The first permanent settlement south of the present Virginia line was made along the Watauga River in what is today the city of Elizabethton located in Carter County, Tennessee. Andrew Greer (father of Joseph Greer, later known as the "Kings Mountain Messenger"), an Indian trader, and Julius C. Dugger came to the area from Virginia around 1766. In 1770, after the collapse of the Regulator movement in North Carolina, sympathizers from that colony under James Robertson fled and established homes farther west on the Watauga River, effectively beyond the reach of the colonial authorities. In 1772 these settlements, along with settlements along the Holston and Nolichucky Rivers united and formed the Watauga Association government.
The Watauga Association was not intended to be a sovereign and independent of any existing state, although such a claim is sometimes made. The government adopted the existing laws of Virginia and set up a five-man court to handle local affairs such as lawsuits, marriages, wills, deeds, negotiations with Indians and colonial governments, and the establishment of a local militia for defense.
In 1771, North Carolina sent a surveying party into the region and reached a settlement with the Cherokee. The land agreement with the Cherokee placed the Watauga Settlement within Cherokee territory, and North Carolina’s government ordered the Wataugans to vacate the valley. Unwilling to leave, the settlers appointed a team of negotiators who met with the Cherokee, resulting in the 1772 lease the Watauga Valley.
At first the Watauga Association was thought to be within the bounds of Virginia, but a later survey determined it was in North Carolina, although neither colony had established any jurisdiction over the region. Shortly after the survey, the Watauga Association drafted the "Watauga Petition", pledging to assist North Carolina in the American Revolution and asking North Carolina to "annex" them and establish a regular government. The Watauga Association formally accepted North Carolina’s jurisdiction in October of 1775. In 1775 they organized as Washington District, and in 1777, were incorporated as Washington County in North Carolina. The Watauga Association, no longer needed, was dissolved in 1778.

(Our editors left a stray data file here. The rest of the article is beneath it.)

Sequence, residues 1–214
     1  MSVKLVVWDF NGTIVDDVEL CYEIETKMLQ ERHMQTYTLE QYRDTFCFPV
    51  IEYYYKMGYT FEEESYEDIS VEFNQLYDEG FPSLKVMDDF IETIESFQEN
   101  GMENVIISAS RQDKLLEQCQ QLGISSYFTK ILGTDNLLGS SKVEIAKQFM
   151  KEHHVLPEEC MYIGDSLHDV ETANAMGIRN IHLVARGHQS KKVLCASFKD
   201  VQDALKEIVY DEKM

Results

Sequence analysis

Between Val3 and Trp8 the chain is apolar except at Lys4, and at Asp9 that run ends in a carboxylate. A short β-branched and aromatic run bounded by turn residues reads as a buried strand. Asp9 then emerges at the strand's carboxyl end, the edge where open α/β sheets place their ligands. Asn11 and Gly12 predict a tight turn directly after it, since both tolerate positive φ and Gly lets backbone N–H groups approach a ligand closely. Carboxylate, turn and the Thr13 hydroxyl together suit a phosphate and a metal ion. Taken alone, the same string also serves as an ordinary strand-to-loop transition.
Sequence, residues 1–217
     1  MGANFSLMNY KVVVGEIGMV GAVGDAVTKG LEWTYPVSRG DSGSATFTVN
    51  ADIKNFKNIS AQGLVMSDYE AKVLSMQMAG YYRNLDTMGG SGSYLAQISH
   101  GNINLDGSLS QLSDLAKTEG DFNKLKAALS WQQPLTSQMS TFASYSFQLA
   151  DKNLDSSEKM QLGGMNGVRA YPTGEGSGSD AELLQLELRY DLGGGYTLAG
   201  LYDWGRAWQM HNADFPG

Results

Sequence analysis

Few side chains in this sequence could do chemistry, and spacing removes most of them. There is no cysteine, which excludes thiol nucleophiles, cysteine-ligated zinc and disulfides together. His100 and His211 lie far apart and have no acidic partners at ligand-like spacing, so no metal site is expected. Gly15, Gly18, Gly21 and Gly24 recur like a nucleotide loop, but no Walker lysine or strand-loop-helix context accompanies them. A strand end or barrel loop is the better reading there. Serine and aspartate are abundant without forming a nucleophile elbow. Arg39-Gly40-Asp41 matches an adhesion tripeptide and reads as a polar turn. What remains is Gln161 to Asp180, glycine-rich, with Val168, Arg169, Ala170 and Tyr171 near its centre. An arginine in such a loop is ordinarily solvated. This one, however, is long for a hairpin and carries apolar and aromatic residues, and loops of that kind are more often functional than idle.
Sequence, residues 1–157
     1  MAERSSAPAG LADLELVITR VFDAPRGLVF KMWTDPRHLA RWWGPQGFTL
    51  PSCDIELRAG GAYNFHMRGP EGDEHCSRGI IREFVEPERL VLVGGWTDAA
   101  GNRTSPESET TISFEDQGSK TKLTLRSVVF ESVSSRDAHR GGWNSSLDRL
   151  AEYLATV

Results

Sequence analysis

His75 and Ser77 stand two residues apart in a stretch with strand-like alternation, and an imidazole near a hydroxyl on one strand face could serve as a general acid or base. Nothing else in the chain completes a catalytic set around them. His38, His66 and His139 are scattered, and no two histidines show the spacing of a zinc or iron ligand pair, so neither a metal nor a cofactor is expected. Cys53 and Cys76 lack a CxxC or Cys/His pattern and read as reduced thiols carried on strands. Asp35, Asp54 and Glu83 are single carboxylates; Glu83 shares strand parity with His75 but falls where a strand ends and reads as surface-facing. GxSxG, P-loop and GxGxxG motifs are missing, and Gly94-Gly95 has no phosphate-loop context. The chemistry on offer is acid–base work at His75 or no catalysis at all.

In 1784 the Wataugans were part of another new, short-lived government, the State of Franklin, which collapsed by 1790, reverting to North Carolina. Shortly thereafter Washington County became part of the new state of Tennessee.
James Robertson remained in the Watauga area until 1779, when he led a settlement party to the banks of the Cumberland River in the Nashville Basin and founded Fort Nashborough, which later became Tennessee's capital, Nashville. Valentine Sevier, Sr., the father of Gen. John Sevier, Tennessee's first governor, came at about the same time as Robertson.
One of the first forts built in this region was Fort Watauga in the Sycamore Shoals area, said to be erected upon land owned by John S. Thomas, about half a mile northeast of the mouth of Gap Creek in today's Carter County. The Watauga Association also erected a crude building housing both a courthouse and jail nearby the Watauga Fort. The location of Fort Watauga is subject to dispute and there may have been several fortifications and blockhouses built for defense during the Revolutionary War and the related Chickamauga Wars
There are many stories about Fort Watauga and the Cherokee attacks on the Watauga settlements. While sometimes told as factual histories, the stories are closer to folklore and legend. The stories often contradict each other and contain self-contradicting or impossible details. The various stories, primary sources, and secondary histories are examined in detail by Brian P. Compton.
One such story has it that on the early morning of July 21, 1776, several women who had gone outside Watauga Fort to milk the cows were fired upon and soon all occupants of the fort were attacked at daybreak by a large body of hostile Cherokees. Fort Watauga was defended at the time by Robertson and then-Lieutenant Sevier with about forty men and some 150 additional settlers, including the entire garrison from Gillespie Station on the Nolichucky River below Jonesborough. The warring Cherokees were twice repulsed from Fort Watauga, but remained before the fort for six more days, at the end of which time the approach of reinforcements from other settlements along the nearby Holston River put them to retreat.